Why do you think so many great Jewish writers, such as Philip Roth, Saul Bellow and Malamud, came to prominence during this time?

You know, there was an enormous decline in anti-Semitism after the war. But in the 1930s there was a lot of anti-Semitism that prevented a lot of Jews from rising up in various fields. But when I was growing up, there was very little anti-Semitism. And these writers came of age in post-war America and there was an appetite and acceptance for these stories among Jews and among all kinds of readers. I just think there was a better climate for the acceptance of Jews as major novelists.

But a lot of Jewish writers don’t want to be called Jewish writers. Saul Bellow said, calling a writer Jewish is like being called an Eskimo cellist. They didn’t want to be known as that. It was a way of dismissing them, Bellow thought. They won all the Pulitzer Prizes and the National Book Awards. And there was backlash from Gore Vidal, and others who referred to them as the Jewish mafia. But there was a decline of anti-Semitism postwar, because they were allowed to be read.

Some writers that you mention, like Cynthia Ozick, feel that fictionalized accounts of the Holocaust trivialize the atrocities of that historical event. To what degree do you feel this is true?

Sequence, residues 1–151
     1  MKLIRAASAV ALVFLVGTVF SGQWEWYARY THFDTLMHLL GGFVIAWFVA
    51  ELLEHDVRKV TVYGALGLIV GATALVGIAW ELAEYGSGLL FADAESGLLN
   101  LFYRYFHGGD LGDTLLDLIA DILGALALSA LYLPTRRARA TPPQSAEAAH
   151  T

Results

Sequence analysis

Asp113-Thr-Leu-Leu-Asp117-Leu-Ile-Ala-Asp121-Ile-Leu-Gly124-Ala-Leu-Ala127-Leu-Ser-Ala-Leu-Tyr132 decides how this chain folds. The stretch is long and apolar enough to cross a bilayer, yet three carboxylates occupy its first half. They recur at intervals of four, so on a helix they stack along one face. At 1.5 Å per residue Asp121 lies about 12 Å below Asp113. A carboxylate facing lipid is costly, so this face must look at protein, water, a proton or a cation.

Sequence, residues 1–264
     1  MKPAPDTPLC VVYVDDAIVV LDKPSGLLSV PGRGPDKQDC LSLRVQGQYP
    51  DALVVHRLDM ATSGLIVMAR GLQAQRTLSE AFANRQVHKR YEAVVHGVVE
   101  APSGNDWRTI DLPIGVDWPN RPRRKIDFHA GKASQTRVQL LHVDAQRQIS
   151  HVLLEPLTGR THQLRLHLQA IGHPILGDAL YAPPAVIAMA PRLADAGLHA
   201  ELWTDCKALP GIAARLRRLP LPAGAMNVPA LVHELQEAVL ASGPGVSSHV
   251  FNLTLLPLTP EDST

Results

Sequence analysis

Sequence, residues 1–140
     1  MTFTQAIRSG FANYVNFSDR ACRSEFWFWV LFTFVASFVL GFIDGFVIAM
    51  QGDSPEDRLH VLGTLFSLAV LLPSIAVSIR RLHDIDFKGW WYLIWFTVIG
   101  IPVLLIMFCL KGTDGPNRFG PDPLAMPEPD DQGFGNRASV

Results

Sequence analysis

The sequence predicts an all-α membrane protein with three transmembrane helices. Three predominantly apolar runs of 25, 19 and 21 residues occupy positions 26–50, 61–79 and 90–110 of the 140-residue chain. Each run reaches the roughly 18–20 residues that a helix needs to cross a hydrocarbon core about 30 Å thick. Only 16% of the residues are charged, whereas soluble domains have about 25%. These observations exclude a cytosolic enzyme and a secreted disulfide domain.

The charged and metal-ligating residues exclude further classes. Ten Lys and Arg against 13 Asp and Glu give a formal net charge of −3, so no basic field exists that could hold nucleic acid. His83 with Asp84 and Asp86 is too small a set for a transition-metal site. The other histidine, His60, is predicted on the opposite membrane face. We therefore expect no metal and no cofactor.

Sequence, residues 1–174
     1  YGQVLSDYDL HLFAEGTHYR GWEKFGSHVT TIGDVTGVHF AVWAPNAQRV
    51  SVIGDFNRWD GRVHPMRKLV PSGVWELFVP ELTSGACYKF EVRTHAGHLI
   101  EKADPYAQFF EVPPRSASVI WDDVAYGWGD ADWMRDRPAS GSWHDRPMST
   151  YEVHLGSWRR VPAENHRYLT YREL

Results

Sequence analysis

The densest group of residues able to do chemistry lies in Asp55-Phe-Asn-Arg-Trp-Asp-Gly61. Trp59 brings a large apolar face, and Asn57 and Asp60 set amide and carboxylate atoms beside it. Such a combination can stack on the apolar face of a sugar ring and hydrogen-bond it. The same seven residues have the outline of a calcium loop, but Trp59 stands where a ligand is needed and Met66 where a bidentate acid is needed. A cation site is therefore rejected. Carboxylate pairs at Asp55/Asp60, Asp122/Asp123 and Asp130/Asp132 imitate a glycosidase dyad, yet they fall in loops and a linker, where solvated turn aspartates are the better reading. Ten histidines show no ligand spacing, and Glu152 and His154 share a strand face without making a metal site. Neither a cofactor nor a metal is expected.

I never felt that it trivialized it. I know that she felt she couldn’t make art out of it. But she did it a lot. She really felt very strongly about Jewish identity, and that people didn’t diminish the memory of the Holocaust ... If it’s done well, it can produce deeper feeling of what happened. Another thing that was characteristic: Roth wrote a lot about “Why them and not me,” and I think that it’s important to try to write novels that have Holocaust themes or characters from that era.

[Ozick] was drawn to it as a subject. [Her short story] “The Shawl” was an amazing piece of fiction about a survivor in that era. When Roth and Bellow were writing, these memories were still fresh. It was so recent, I don’t see how you can avoid writing about it. Some people got more religious because of the Holocaust and some people got less religious because of the Holocaust. It’s obviously very complicated.

If you could recommend just one book for someone to read from this golden age of Jewish authors, what would it be?

I think that someone who isn’t too familiar with this should read Roth’s novella “Goodbye Columbus.” It deals with Jews’ suburbanization of America. That’s a good one to start with. In terms of Bellow, “Seize The Day” is a wonderful novel. So is “Herzog.” And if you like Updike, the Henry Bech novels are terrific.

What is these Jewish writers’ collective legacy? Will they be remembered?

There is now a new cohort of Jewish writers like Michael Chabon. And we don’t think of them as Jewish writers, because times have changed. No one thinks it’s unusual [anymore] that Jews are writing novels.

They’ll be remembered if their novels are remembered as great novels ... They will be remembered for the quality of their fiction. Some will fade away, and some will be remembered as long as people are reading. It depends on what the quality of the work is. If the work endures, and it’s seen to be great, then the writers will be remembered. And if they’re not, they’re not ... And that’s life.